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Opera diva Measha Brueggergosman returns to stage months after birth of her son

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AS returns to work go, this one qualifies as rather joyful.

And for Canadian soprano Measha Brueggergosman, that’s both a relief and a treat.

The New Brunswick-born performer has resumed her concert schedule after the birth last August of her son, Shepherd, including a pair of dates in our city this weekend as part of the Winnipeg Symphony Orchestra’s Masterworks series.

There are challenges involved, but there’s something about returning from a blessed event that’s quite different from a comeback that follows adversity or tragedy.

"Like any life-altering experience, having a child has a way of creating new perspectives on pre-existing outlooks," Brueggergosman, 35, says by cellphone during a recent driving trip around Nova Scotia with husband Markus to introduce young Shepherd to friends and relations. "I think parenthood is perhaps the most common of those point-of-view shifts... you have this knowledge that you exist before and after parenthood as a similar person, but suddenly there’s this add-on and nobody tells you what a huge deal it is.

"I’ve really enjoyed it, and I wouldn’t do anything differently. I’m really happy about it, because I think with something as harrowing and lifealtering as having a child, you should be able to have the experience you want."

The joy of new parenthood is a decided shift from the other earth-shaking events that preceded it in Brueggergosman’s life — she and her husband lost twins during an earlier pregnancy in 2011; two years before that, the singer underwent emergency open-heart surgery after a ruptured aorta almost took her life.

In relative terms, the arrival of Shepherd, by planned caesarean, was kind of a walk in the park.

"The process of coming back to singing, as well as other things I did before, was not a huge change," she says. "It’s not an illness; you’re not really ‘coming back’ from anything. You had a baby — it’s an incredible, life-changing thing, one of the most spectacular things I’ve ever experienced, but I’m still an opera singer with a penchant for trying anything and everything, and the barometer for me feeling like I’m in the centre of myself is my singing.

"My relationship with singing is the longest one I’ve had, other than my relationship with God and my parents. I feel very comfortable articulating the health of that relationship."

Brueggergosman’s healthy relationship with music will be fully on display this weekend when she takes part in a diverse WSO program that includes Bernstein: Prelude, Fugue and Riffs, Kernis: Musica celestis, Ravel: Shéhérazade, Hovhaness: Symphony No. 2 (Mysterious Mountain), Bolcom: Cabaret Songs and Gershwin: An American in Paris.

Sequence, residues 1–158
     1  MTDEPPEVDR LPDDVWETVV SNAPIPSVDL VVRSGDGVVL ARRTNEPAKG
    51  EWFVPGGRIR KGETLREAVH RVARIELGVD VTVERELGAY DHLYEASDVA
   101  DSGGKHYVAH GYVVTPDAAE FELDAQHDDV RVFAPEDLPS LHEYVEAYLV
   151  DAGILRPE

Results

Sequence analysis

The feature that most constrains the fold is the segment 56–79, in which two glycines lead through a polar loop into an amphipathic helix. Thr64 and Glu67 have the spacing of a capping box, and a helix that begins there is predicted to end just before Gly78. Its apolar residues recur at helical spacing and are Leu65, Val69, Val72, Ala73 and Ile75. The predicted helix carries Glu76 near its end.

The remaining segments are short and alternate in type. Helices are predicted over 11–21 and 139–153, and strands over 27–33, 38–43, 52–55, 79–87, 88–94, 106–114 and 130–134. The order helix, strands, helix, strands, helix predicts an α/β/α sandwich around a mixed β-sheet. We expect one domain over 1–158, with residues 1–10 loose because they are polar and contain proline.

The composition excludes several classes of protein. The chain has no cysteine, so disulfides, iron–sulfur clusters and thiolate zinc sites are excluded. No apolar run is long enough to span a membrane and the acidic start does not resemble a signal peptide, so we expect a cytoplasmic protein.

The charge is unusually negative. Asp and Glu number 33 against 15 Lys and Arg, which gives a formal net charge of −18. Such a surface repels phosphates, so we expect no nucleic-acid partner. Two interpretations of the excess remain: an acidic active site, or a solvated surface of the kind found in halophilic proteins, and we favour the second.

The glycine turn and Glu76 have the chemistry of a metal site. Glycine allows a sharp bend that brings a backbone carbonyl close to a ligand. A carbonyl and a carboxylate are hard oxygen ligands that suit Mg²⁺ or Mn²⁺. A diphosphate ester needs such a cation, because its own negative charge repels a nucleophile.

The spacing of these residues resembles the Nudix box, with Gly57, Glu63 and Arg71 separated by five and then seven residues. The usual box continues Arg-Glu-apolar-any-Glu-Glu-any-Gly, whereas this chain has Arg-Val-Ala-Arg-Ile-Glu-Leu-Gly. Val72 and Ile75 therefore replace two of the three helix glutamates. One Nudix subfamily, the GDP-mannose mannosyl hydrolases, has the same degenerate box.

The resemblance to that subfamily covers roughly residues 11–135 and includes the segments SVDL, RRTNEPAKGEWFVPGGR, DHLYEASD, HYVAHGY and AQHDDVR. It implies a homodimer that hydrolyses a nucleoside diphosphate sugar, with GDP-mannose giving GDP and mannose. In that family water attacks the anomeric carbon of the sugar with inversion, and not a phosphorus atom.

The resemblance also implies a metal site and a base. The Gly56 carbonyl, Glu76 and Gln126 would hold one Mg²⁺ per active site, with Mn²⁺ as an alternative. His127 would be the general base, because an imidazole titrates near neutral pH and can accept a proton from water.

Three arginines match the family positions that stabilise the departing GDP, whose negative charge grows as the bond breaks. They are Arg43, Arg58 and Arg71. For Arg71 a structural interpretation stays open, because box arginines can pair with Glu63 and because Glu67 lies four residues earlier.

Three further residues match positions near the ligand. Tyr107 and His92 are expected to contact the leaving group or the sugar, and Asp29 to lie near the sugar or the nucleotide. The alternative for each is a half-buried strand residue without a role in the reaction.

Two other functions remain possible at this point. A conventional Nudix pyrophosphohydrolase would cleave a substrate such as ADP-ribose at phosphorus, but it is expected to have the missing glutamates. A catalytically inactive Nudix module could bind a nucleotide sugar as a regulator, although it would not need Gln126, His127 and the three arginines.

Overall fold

"The interesting thing about the program is that it’s 20th-century works," she says. "In classical music, we have repertoire that spans half a dozen centuries, but the program that we’re presenting represents repertoire that exists within a 60-year span. You have Ravel, who is an early 20th-century composer, and you have William Bolcom, who’s still alive. Within the span that is classical music, they would be considered contemporaries with only a tiny bit of space between them, but this program does have a very diverse palate to it.

"This is the reason I’ll always be a classical musician — there’s such a broad brush we get to paint our careers with… It kind of satisfies my love and indulgence in terms of the diversity of repertoire that I can choose."

And speaking of musical diversity, Brueggergosman says she has fond memories of her recent stint as a judge on TV’s Canada’s Got Talent, and of the unexpected first-prize win by local act Sagkeeng’s Finest.

"It was a very interesting result," she says. "In a way, it was right down the middle — a group from the middle of the country, performing a traditional form of dance, who had a tremendous story and so much heart behind them. We knew, after the fact, how hard they’d worked — how they’d thrown themselves into every single second of rehearsal time, and how they were so committed. Those boys were so nice; Sagkeeng’s Finest really were some of the loveliest young men I’ve ever met.

"I really felt that the process, for them, was one of growth; it started out as a pleasant surprise for them when they got to move deeper into the competition, but then as it dawned on them that they had a chance, and their community got behind them, they really dug in, and the opportunity contributed a lot to their becoming men. It was a very touching journey to be witness to."

Full details of the WSO’s 2012-13 season are available at Twitter:@BradOswald

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